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  • Metadata record for data from ASAC Project 133 See the link below for public details on this project. Surface carbon dioxide (CO2) observations are integral to understanding the role of the Southern Ocean in the global carbon cycle, and to developing reliable predictions of biogeochemical responses to altered climatic conditions. Carbon dioxide (CO2) observations made in surface waters of the Australian sector of the Southern Ocean between the years 1991 and 2002 were used to estimate the seasonal variability in the fugacity of CO2 (fCO2) and net air-sea carbon fluxes. The results showed a net annual uptake of CO2 by the surface ocean over the entire region. The greatest seasonal uptake and lowest fCO2 values were observed in Spring/Summer in the sub-Antarctic zone (SAZ: 44 degrees S-50 degrees S) and in the Seasonal Sea-ice Zone (SIZ: south of 62 degrees S). The seasonal maximum in uptake for these regions is consistent with increased phytoplankton biomass and shoaling mixed layers over the Spring/Summer period. The High Nutrient Low Chlorophyll waters between 50 degrees S and 62 degrees S, also had maximum uptake in summer, but less compared to the SAZ and SIZ regions. Winter surface waters were close to or slightly above equilibrium, with respect to atmospheric CO2. The reduced uptake in winter appeared due to deeper mixing, lower biomass, and air-sea CO2 exchange. The highest fCO2 values in Winter were observed under or near the seasonal sea-ice where entrainment of deeper CO2-rich waters and ice cover would maintain high surface fCO2 values. The smallest seasonal amplitude in the surface fCO2 and net air-sea fluxes was found from 51 degrees S to 54 degrees S, a region on the southern edge of the SAZ and between the North sub-Antarctic Front and North Polar Front. The uptake estimates derived from the data were in good agreement with the CO2 flux climatology of Takahashi (2002), except in the SAZ and SIZ where we observed greater and less uptake, respectively. Data for this project are available for download - the dataset consists of a data files, and some excel files, which provide further information about each data file (cruise, dates, etc). Furthermore, the column headings used in the data files are as follows: Cruise - name of the cruise which collected the data Date - UTC Time - in UTC Latitude - decimal Longitude - decimal Sst - Sea Surface Temperature in degrees C Teq - Temperature of surface water at which the CO2 measurement is made. Sal - Salinity Patm - atmospheric pressure in hectopascals Shipspd - ship speed in knots Windspd - wind speed in knots Winddir - wind direction in degrees xCO2 - Mole fraction of CO2 in air (dry) equilibrated with surface water and at equilibrator water temperature xCO2air - Mole fraction of CO2 in atmosphere, dry pCO2 - partial pressure of carbon dioxide in surface water

  • Data are "phytoplankton counts" for each phytoplankton taxon observed, from the CPR samples collected by the Southern Ocean CPR Survey projects 472 and 4107 (Hosie et al. 2003). The SAHFOS on-silk phytoplankton count method is used (Batten et al. 2003). Phytoplankton are identified to the best taxonomic level possible, ideally to species or at least genus, in 20 fields of view (295 plus or minus 10 microns) per sample (section of silk). See Figure 2 of Batten et al. (2003). Each sample usually represents 5 nautical miles for SO-CPR. The "phytoplankton count" is the number of fields of view where a phytoplankton species/ taxon was observed, recorded for each taxon for each sample. It is effectively a frequency of occurrence score. The CPR is a device towed at normal ship speed, approximately 100 m behind the ship at a depth of 8-10 m. Plankton enter a small aperture 12.7 x 12.7 mm which then expands into a tunnel 100 x 50 mm reducing the speed by about 1/30. Plankton are then sandwiched between two sheets of 270 micron silk gauze, before rolling into a preservation tank of formaldehyde. Each tow is approximately 450 nautical miles. Regardless of ship speed the silk advances at a fixed rate of about 1 cm per nautical mile. Silks are cut into 5 nautical mile equivalent lengths and both phyto- an zooplankton are counted. Each sample is coded with time and date (GMT) and latitude and Longitude, plus averaged environmental data over the 5 nautical miles, e.g. water temperature, salinity, fluorescence, light. Zooplankton data and methods are described in Metadata record AADC-00099. Abbreviations CPR, Continuous Plankton Recorder SAHFOS, Sir Alister Hardy Foundation for Ocean Science SO-CPR , Southern Ocean CPR Survey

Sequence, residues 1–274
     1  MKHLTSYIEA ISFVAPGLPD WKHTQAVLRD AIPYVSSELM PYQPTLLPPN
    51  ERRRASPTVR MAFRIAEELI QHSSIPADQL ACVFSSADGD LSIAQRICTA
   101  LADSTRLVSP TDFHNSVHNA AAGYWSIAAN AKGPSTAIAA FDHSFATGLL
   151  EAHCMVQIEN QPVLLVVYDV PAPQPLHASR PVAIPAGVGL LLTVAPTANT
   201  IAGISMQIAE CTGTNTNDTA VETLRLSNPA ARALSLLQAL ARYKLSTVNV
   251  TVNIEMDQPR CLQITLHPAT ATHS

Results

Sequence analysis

• ---- Public Summary from Project ---- The Southern Ocean is one the most significant regions on earth for regulating the build up of anthropogenic CO2 in the atmosphere, and the capacity for carbon uptake in the region could be altered by climate change. The project aims to establish a time series of anthropogenic carbon accumulation. The work will be used to identify processes regulating the CO2 uptake and to test models that predict future uptake. 2001-2002 Season: Data collection for this project was solely carried out on voyage three of the 2001/2002 season. Total dissolved inorganic carbon (TCO2) and titration alkalinity (TA) measurements were made on the CLIVAR SR3 section between Hobart and Antarctica. The carbon samples were taken from a 24 bottle rosette and have an approximate horizontal resolution of 60nm with closer spacing in regions where horizontal gradients were large. Many of the stations sampled for carbon had multiple casts to improve vertical resolution. The CRM analyses were used to calibrate the titration cell volume. Preliminary analysis of Certified Reference Material (CRM) Seawater from Scripps Institution of Oceanography show data quality was generally good. For TCO2 the measurements on Batch 52 CRM's the average concentration was 2005.65 +/- 1.36 micromol/kg (n=65; 1 s.d.). For TA the average CRM values were 2224.76 +/- 1.17 micromol/kg (n=45, 1 s.d.). The certified values for Batch 52 was 2005.57 +/- 0.39 and 2224.72 +/- 0.81 micromol/kg for TCO2 and TA, respectively. The fields in this dataset follow standard WOCE naming practices. See the url given below for further details. The fields in this dataset are: EXPOCODE SECT_ID STNNBR CASTNO SAMPNO BTLNBR BTLNBR_FLAG_W DATE TIME LATITUDE LONGITUDE DEPTH CTDPRS CTDTMP CTDSAL CTDSAL_FLAG_W SALNTY SALNTY_FLAG_W CTDOXY CTDOXY_FLAG_W OXYGEN OXYGEN_FLAG_W SILCAT SILCAT_FLAG_W NITRAT NITRAT_FLAG_W PHSPHT PHSPHT_FLAG_W CFC-11 CFC-11_FLAG_W CFC-12 CFC-12_FLAG_W CFC113 CFC113_FLAG_W CCL4 CCL4_FLAG_W TCARBN TCARBN_FLAG_W ALKALI ALKALI_FLAG_W 2008-2009 Season: The Southern Ocean is a critical region on earth for taking up anthropogenic carbon dioxide (CO2) from the atmosphere. Over the past year, underway equipment has been used on a number of Aurora Australis voyages to estimate the air-sea exchange of CO2 and to characterise the variability in the exchange. The information is part of a large long term international effort to determine how much CO2 is being taken up by the ocean and to improve predictions of how the uptake and CO2 storage will change in future. An underway CO2 system was run on a number of voyages on Aurora Australis.